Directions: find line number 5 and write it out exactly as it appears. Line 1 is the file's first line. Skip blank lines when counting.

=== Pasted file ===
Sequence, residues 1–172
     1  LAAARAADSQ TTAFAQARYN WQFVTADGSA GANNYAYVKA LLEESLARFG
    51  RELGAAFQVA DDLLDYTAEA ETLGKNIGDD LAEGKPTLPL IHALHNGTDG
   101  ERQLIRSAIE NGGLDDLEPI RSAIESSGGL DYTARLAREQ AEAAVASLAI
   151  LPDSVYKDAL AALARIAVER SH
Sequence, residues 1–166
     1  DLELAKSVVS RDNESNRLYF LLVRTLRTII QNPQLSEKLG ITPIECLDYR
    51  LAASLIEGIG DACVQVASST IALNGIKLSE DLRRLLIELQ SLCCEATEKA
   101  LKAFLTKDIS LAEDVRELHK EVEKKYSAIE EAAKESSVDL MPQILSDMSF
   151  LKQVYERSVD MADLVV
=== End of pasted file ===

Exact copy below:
   151  LPDSVYKDAL AALARIAVER SH